The Statement of Advice provided by Tim contained misleading or deceptive statements as to the nature and risks associated with the MIS. The investment was positioned as available only to a select number of clients using the services of ACME Financial Planning. Angela and Simon were made a ‘special offer’ because they’d been recommended by a long-term client.

The SOA provided by ACME Financial Planning claimed the ‘term deposit’ would provide clients with a guaranteed return for their investment, as well as guaranteed security of capital. The SOA also stated that the product paid a competitive fixed term interest rate and used the strength of the government guarantee on term deposits as a selling point.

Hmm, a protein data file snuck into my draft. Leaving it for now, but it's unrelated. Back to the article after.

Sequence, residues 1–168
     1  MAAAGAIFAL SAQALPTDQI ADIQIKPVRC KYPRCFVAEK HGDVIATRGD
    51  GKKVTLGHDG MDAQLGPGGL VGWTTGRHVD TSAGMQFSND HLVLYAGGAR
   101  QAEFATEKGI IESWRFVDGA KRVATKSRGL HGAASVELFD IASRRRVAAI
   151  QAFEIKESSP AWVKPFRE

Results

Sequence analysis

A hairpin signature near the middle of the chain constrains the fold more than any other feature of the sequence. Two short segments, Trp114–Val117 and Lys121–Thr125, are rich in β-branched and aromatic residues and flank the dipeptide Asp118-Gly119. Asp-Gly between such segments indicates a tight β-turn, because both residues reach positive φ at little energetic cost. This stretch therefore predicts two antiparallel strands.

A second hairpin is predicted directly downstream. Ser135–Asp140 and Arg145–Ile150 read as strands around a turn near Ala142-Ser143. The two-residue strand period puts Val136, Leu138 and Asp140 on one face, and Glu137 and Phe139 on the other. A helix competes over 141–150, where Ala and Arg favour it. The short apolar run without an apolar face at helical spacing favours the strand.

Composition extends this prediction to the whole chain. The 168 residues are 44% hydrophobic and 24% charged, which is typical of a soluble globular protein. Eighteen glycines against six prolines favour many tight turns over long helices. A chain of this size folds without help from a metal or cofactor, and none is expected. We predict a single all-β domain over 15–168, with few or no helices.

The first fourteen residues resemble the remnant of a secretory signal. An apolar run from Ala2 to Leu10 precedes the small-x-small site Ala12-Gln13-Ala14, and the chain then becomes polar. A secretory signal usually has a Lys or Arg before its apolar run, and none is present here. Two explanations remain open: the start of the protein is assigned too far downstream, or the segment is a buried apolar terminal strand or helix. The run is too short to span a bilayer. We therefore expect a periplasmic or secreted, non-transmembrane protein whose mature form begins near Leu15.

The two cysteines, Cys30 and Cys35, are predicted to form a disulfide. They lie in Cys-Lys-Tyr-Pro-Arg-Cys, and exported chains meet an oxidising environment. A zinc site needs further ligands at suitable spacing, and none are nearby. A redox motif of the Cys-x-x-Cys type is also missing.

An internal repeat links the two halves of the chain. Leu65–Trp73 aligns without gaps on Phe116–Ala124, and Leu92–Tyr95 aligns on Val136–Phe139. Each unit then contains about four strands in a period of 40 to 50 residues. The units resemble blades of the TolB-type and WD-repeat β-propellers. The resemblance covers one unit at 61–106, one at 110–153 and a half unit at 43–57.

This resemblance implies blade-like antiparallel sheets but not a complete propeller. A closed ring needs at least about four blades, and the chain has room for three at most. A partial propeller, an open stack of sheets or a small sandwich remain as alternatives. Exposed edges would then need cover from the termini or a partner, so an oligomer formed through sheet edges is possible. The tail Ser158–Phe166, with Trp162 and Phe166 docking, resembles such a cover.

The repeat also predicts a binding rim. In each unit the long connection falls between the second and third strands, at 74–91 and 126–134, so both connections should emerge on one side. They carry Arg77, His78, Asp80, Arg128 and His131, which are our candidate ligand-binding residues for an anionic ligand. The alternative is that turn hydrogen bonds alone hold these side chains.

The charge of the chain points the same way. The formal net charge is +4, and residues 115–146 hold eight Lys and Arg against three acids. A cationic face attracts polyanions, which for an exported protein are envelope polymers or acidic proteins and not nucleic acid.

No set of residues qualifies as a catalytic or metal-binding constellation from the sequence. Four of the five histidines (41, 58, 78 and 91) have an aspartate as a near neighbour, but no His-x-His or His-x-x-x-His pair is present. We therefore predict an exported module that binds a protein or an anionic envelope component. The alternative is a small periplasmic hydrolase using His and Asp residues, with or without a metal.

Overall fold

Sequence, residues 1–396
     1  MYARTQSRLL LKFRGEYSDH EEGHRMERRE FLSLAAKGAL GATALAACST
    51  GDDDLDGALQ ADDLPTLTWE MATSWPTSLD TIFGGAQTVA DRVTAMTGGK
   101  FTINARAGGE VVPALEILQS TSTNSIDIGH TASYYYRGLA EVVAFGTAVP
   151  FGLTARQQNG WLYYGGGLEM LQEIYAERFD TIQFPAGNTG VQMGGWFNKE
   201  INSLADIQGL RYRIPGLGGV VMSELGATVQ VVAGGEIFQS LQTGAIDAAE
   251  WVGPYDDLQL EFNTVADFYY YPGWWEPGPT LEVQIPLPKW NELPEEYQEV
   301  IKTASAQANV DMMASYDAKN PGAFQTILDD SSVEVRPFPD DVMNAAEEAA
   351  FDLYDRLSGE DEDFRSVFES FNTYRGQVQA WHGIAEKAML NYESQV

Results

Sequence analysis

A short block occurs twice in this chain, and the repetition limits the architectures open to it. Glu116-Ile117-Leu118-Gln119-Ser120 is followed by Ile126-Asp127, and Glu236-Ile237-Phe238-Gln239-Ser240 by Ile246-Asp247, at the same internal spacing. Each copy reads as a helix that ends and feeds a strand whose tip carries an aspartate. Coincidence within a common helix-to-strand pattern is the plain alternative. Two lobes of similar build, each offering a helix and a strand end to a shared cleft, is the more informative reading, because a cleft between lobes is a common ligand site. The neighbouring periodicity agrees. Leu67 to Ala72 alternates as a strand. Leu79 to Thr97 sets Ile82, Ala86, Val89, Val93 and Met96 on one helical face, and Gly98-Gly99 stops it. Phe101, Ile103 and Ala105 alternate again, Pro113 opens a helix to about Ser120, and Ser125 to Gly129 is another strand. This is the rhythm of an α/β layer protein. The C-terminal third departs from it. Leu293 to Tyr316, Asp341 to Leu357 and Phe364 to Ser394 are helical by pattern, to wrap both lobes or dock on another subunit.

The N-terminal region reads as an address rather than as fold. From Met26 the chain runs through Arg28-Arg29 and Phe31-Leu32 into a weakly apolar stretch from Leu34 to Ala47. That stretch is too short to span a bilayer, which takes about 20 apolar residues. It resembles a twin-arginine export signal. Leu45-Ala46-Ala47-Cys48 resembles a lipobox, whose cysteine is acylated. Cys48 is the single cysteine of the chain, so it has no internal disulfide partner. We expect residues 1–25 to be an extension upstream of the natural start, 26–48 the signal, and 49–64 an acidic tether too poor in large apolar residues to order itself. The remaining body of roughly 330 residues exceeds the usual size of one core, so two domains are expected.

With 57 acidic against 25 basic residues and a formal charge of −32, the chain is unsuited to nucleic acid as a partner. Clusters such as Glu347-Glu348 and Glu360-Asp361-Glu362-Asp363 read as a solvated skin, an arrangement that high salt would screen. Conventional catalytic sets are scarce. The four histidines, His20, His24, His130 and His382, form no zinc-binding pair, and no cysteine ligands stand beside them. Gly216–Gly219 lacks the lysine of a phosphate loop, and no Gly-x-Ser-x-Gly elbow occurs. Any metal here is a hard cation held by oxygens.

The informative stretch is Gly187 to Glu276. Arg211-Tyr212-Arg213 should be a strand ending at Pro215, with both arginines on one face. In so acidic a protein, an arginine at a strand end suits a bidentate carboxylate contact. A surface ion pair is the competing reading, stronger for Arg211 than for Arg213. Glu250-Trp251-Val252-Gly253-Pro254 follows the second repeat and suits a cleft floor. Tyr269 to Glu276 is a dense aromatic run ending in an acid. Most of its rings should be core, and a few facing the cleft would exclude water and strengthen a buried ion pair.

Although a managed investment scheme, there was no PDS, target market determination or other form of product documentation provided to Angela and Simon. The structure of the MIS was not disclosed to Angela and Simon, nor were the benefits received by ACME. Their funds were packaged up and loaned to other clients; the practice earned the difference in the rate at which the money was loaned, less the rate paid to clients. These funds were in no way government guaranteed; further, they could not be guaranteed by the practice if a borrower defaulted.

Following a complaint, it was found the adviser and financial firm had engaged in misleading and deceptive conduct, had issued a defective SOA and had been running an unregistered managed investment scheme.